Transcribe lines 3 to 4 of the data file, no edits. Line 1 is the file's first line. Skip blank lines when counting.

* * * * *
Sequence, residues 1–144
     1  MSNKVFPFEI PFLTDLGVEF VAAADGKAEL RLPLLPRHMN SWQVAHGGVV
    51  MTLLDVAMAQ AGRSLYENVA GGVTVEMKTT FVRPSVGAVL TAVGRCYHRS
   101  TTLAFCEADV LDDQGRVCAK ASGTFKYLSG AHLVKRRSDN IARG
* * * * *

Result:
    51  MTLLDVAMAQ AGRSLYENVA GGVTVEMKTT FVRPSVGAVL TAVGRCYHRS
   101  TTLAFCEADV LDDQGRVCAK ASGTFKYLSG AHLVKRRSDN IARG